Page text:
I was studying classical piano as a fifth grader when my father sat me down on the couch and popped in an old VHS tape entitled Piano Players Rarely Ever Play Together. The film, made in 1982, was a portrait of three great New Orleans pianists spanning three generations: Isidore “Toots” Washington, Henry “Professor Longhair” Byrd, and Allen Toussaint. I had never seen anything quite like it. The trio wore suits with pocket squares, sported afros and Stetson hats and kept their sunglasses on indoors, all while playing pianos that were clearly out of tune. They had character and I knew I liked that. But it wasn’t until I revisited the film years later as a more serious piano student that I really understood the uniqueness of their sound. What captured me was how all of them, particularly Toussaint—who died Tuesday at 77—made the piano “speak.” This old tape made me fall in love with the unique timbre of a honky-tonk piano being made to moan and pulse, and inspired my love for the sound of the New Orleans piano tradition.
It was years later, as a sophomore at Juilliard, when I met Toussaint for the first time. It was at a performance in New York, and he came on stage wearing one of his signature pinstriped suits coupled with white socks and sandals to deliver a memorable set of music that spanned the history of the New Orleans piano tradition. He introduced each tune to the audience with colorful anecdotes, relating the music to the chronology of his life. His music had so much playfulness and depth, just as I had remembered it. He could conduct a rhythm section to percolate with a bubbly ferocity that inspired the audience to dance, his approach a blend of streetwise sensibility and high-brow sophistication. Consistent in character on and off stage, it was clear that Toussaint was not only a titan of a musician but also a gentleman with a classic style and elegance that demanded reverence.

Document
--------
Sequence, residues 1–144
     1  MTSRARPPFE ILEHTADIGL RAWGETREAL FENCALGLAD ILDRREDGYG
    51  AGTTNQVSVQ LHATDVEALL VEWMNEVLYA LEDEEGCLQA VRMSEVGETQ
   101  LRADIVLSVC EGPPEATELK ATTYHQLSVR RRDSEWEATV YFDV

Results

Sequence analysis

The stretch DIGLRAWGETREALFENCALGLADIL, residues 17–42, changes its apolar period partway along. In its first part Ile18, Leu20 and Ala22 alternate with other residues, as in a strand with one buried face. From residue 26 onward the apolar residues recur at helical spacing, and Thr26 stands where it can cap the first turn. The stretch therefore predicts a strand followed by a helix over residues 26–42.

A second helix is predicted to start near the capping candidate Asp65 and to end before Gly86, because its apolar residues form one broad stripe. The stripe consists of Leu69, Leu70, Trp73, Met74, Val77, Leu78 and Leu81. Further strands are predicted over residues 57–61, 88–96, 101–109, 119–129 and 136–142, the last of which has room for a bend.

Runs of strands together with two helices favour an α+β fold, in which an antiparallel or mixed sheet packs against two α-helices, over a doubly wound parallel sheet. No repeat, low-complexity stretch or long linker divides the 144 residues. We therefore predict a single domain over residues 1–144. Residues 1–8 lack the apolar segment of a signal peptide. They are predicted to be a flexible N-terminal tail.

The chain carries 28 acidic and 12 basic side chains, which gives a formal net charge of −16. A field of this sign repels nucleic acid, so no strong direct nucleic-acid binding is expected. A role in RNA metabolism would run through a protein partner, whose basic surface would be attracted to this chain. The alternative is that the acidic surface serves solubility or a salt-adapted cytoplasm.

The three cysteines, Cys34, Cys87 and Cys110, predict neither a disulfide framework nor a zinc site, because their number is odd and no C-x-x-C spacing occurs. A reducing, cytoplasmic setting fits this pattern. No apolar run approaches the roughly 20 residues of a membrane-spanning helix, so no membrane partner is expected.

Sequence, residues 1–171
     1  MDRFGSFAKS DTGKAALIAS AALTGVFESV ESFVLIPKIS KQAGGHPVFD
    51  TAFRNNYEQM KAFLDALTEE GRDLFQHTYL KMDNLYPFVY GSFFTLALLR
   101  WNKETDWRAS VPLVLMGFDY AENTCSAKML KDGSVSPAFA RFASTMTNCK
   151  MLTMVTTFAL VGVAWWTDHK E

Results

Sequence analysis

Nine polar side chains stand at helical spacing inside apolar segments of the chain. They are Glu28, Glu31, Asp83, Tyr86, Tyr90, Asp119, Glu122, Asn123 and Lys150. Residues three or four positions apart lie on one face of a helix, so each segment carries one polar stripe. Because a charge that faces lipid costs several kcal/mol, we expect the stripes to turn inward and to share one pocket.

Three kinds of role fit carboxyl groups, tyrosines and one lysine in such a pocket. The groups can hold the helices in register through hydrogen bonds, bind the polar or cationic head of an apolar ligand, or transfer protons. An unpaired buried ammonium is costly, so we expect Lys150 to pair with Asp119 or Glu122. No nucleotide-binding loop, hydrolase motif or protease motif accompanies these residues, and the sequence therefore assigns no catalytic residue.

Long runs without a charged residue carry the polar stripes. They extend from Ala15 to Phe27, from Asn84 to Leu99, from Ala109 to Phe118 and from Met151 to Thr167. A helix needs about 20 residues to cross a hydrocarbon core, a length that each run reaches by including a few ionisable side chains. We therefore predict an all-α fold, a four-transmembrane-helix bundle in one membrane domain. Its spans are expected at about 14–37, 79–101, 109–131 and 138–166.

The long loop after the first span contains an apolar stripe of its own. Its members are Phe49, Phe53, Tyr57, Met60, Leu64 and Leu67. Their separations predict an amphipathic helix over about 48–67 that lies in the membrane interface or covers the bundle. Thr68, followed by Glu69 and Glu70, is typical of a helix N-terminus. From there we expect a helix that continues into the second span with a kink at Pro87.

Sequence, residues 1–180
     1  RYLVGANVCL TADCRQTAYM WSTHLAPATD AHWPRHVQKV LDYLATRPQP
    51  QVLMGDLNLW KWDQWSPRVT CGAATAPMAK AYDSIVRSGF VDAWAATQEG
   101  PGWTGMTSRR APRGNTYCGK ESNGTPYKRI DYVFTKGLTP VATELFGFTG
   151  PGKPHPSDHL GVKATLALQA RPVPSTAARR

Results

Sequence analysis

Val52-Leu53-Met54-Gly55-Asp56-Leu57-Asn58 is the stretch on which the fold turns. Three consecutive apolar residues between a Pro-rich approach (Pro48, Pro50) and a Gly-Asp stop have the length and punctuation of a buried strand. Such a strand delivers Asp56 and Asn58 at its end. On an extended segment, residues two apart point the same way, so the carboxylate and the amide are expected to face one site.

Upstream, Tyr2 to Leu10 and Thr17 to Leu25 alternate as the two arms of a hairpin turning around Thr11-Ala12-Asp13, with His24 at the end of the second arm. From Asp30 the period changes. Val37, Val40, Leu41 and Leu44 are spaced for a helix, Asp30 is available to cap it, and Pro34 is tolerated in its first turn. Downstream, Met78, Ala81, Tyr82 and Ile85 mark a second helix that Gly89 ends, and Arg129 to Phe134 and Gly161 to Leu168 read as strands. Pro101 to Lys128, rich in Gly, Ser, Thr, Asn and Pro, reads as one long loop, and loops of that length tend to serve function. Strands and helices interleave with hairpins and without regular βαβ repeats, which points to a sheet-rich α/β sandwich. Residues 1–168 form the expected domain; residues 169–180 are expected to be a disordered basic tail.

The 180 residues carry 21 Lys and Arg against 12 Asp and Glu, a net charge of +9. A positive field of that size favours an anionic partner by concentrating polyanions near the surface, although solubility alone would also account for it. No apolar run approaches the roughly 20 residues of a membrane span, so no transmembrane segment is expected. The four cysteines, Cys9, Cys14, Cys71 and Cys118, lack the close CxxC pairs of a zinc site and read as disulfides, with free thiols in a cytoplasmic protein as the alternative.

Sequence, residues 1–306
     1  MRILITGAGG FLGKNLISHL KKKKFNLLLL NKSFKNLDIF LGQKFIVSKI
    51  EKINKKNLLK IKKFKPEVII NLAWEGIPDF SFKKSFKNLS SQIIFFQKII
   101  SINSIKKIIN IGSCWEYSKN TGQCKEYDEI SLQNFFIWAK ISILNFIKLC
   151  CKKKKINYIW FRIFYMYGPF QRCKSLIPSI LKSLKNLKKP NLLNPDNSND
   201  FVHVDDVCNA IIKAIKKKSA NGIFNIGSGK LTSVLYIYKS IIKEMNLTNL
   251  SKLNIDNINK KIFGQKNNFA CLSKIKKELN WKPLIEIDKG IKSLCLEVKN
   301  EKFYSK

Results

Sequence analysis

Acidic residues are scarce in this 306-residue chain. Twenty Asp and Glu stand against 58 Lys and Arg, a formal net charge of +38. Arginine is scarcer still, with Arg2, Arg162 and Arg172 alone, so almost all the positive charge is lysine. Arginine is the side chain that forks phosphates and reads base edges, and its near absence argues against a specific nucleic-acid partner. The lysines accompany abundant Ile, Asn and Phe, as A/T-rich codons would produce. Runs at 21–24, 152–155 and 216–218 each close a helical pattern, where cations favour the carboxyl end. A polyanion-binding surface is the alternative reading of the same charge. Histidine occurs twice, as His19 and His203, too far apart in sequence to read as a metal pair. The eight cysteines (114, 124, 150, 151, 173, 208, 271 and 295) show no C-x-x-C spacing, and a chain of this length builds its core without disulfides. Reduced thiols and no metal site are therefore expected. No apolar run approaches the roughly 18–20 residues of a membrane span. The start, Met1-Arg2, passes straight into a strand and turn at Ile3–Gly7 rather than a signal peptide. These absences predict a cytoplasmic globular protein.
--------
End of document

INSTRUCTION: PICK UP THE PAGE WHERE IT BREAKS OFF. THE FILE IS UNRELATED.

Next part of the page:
In 2008, we played together for the first time during the NBA All-Star Game halftime show—on dueling upright pianos. It was a gathering of New Orleans pianists, and Allen and I were paired at the half court line, hearkening back to that old VHS tape. We performed his original hit “Yes We Can Can,” a song recorded by the Pointer Sisters in the 1970s. It was a socially conscious anthem and quite possibly a nod to Barack Obama’s campaign of that year (although I never confirmed that with him). After it was over, he gave me some words of encouragement.
The last time I saw Allen was this summer at the Newport Jazz Festival. As I was drenched in sweat and enthusiasm after my set, I spotted him backstage. “You are making us proud,” he said. “I am just trying to continue what you started,” I replied. Amidst the commotion backstage he suggested that we schedule a time meet in the near future to properly catch up. But I sensed that what he really wanted was the chance to thoughtfully share his experiences with me and play together. I could feel he believed in me.
We never got that chance. But I will strive to keep his music, influence and legacy alive in every honky-tonk note I play.